Yesterday the LIA (Leraren in Actie) handed over a petition to the Dutch government with 45,000 signatures against the continued overcrowding in Dutch classrooms. It’s an issue that has been on the teachers’ agenda for a number of years, but there’s no money to implement policies that would make a difference. At least that is what the politicians say.
The petition was started on 21 January this year and has been signed by 49,102 people (at the time of writing). The crux of the petition is a demand for class sizes of between 30 and 36 to end. The LIA want a maximum number of 28 children per class to be introduced for the next school year, reducing to 24 within three years.
In November 2103 the LIA handed over a similar petition. Politicians saw no need to address the issue, not because the initiative was not a valid one, but because there simply was not enough money to make the proposal a reality.
The truth is that classes of 30 to 36 children are no longer exceptional cases.
I can talk from personal experience. My 10 year old is in a class of 30 and his class has fluctuated between 27 and 32 during the last four years. My six year old is in a class of 35, soon to be 36. In the past he was in a class of 40 infants.
I cannot tell you the amount of eye rolling and disbelief I have seen in the last year when the topic of my children’s class sizes comes up.
Large classes are not beneficial to anyone involved – not the children, not the teachers nor the parents, and not to society as a whole.
Children have difficulties concentrating in such a large group but two or three ‘study buddies‘ are available to share around the class. A number of children in each class wear noise reducing headphones. But at the end of the day there are 34 other children at any one time busy in my son’s classroom – a room that was not designed to house 35 children – and that is distracting for even the most conscientious of students. Would you like to work in an open office space (completely open) with 34 other people, all working on different things, at different levels and at different paces? Most of us wouldn’t even entertain the idea, yet our children do this daily.
Their teachers face giving lessons to classes full to the brim with children who learn at different paces and who have very different capabilities. Who would want to be a teacher in a class where they cannot give each pupil the attention they need? Marking the work of 25 children is considerably different than correcting the work of 35. Think about making reports, lesson planning, keeping order and the rest of the administration that has been heaped on teachers over the years. The fact is that bigger classes means more work for teachers and less individual attention.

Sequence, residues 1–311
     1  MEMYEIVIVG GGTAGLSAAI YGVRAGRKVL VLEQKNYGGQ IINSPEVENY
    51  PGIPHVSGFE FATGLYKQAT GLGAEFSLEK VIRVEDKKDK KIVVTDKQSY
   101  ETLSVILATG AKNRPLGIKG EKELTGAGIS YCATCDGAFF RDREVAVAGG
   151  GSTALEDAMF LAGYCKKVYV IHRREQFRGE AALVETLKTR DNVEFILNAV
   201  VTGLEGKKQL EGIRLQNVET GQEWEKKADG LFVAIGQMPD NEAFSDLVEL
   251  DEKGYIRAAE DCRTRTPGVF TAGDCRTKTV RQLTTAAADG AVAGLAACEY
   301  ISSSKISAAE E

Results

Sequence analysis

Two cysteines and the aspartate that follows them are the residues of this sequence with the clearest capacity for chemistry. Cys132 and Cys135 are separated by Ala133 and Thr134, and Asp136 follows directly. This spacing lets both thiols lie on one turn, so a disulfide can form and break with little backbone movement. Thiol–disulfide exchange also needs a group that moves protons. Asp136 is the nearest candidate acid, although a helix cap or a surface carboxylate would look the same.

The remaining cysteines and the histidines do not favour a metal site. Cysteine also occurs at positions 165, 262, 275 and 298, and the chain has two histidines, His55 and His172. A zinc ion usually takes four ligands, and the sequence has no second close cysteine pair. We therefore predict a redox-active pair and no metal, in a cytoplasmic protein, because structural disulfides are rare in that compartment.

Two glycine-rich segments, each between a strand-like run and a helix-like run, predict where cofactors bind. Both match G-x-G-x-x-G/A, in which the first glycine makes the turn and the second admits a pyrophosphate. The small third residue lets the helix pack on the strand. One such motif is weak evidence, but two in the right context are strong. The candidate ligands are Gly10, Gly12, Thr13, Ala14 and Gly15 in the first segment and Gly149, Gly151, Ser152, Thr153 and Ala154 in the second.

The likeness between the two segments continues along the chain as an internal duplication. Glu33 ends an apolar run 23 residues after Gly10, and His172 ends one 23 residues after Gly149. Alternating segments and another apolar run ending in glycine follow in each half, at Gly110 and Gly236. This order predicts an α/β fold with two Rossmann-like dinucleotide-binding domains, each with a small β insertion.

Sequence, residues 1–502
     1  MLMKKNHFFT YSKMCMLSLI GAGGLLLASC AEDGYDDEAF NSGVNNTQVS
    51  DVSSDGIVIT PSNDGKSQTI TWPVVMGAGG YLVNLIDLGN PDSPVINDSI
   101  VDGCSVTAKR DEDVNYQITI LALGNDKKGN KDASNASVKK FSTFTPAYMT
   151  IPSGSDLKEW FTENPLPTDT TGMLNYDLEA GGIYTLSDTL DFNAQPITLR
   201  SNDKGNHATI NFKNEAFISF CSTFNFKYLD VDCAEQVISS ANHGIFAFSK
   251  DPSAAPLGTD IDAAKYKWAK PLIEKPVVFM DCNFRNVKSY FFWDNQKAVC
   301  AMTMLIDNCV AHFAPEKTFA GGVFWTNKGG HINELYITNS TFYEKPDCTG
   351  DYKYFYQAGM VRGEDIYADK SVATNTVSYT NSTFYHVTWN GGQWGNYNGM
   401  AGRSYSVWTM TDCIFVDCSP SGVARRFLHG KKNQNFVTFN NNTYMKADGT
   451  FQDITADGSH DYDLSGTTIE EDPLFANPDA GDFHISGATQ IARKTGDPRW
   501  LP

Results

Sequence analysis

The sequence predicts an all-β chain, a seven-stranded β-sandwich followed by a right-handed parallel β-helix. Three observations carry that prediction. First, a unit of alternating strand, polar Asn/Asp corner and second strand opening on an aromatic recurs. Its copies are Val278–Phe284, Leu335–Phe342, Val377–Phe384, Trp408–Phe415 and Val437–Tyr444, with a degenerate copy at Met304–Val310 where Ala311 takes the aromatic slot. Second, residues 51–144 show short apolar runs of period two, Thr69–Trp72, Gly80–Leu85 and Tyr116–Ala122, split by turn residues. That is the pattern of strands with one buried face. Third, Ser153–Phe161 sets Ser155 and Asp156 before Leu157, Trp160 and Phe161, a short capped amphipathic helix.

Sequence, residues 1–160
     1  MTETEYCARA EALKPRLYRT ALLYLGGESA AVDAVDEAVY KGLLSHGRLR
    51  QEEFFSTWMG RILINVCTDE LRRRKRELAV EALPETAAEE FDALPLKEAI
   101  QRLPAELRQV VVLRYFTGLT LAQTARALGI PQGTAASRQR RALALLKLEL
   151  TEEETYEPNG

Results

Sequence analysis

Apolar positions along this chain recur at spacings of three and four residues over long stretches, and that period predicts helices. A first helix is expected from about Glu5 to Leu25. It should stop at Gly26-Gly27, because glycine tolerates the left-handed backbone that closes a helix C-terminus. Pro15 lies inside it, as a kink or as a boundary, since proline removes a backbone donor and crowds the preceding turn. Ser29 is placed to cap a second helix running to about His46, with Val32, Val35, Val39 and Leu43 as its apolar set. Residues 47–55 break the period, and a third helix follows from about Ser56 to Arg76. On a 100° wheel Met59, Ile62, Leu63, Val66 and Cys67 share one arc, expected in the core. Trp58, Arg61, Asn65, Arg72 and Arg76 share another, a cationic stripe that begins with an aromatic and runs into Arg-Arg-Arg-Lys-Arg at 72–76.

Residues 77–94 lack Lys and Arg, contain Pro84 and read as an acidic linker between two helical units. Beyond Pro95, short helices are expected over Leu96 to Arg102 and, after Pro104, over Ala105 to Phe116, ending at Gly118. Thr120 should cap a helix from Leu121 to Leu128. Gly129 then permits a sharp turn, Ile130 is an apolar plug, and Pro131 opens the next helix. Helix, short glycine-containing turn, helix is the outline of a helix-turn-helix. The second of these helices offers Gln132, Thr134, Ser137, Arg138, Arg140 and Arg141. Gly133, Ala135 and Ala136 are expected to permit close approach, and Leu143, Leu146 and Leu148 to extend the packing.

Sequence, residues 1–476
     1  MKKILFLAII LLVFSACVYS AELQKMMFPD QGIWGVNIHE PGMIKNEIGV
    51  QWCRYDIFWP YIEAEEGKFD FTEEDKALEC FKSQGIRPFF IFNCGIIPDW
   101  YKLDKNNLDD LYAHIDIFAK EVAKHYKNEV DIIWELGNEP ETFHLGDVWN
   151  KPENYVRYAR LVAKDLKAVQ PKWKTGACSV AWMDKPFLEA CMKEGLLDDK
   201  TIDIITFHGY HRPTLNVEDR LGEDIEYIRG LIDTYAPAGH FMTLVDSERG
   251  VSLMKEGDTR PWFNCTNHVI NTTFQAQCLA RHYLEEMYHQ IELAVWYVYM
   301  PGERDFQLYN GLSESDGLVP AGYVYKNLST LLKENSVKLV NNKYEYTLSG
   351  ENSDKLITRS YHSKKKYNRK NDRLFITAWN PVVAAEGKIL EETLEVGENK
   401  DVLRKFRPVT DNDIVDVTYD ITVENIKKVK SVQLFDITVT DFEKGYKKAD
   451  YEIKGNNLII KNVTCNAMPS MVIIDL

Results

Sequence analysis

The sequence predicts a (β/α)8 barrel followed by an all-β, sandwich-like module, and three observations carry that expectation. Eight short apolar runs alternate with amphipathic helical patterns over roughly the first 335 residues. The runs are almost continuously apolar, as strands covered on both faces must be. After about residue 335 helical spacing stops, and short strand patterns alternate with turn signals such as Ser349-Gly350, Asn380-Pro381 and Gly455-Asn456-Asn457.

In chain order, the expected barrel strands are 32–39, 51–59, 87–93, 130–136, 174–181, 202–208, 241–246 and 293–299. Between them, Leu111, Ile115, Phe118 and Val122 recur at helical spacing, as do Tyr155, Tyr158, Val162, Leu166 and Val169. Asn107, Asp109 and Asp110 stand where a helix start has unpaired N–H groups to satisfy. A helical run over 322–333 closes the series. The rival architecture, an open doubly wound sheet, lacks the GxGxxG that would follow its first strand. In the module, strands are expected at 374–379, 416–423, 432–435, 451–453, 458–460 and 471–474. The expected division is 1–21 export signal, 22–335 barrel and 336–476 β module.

In fact, in a recent poll 56% of teachers in primary schools say they find the work pressure unacceptable.
I’m surprised my sons’ teachers are sane, let alone standing at their classroom doors every morning with an enthusiastic smile on their faces.
A teacher can only spread themselves so thin before they break. Which many of them do. Burn out is common and there’s a general teacher shortage. Good teachers are leaving the primary school system. Which means classes are bigger. Kip en ei.
And then there are the classrooms themselves and the physical space a child has to work in. Again, you and I wouldn’t even consider sitting all day in such confined spaces. And then there’s air quality in packed classes. My six year old has caught every bug going since he started in his ‘plofklas‘ last August and he is constantly complaining about headaches.
Large classes certainly don’t provide our children with the quality of education we hope for, nor allow teachers to give our children the attention and learning experience they’d prefer to be able to give.
It is worth saying that there are regional differences in class sizes – in the east of the country schools are actually merging because of a shrinking population but it’s common to see more than 30 children in a school in Zoetermeer in the Randstad.
To make smaller class sizes in our schools country wide there needs to be an injection of money into the Dutch education system. I’m not convinced we’ll see that in time to benefit my children’s primary education.
So how small do classes need to be to see results? What needs to happen? Where my boys go to school it is not just a question of money – there are physical restrictions to space: no spare classrooms in the building. It makes me think of my own secondary school back in England where I took French and German lessons in a portakabin.
It’s a problem that isn’t going away anytime soon……
Over to you: How big are your children’s classes? Let us know in the comments what region and country you are in and whether it’s primary or secondary education your children are in. Curious to see what regional and country differences there are!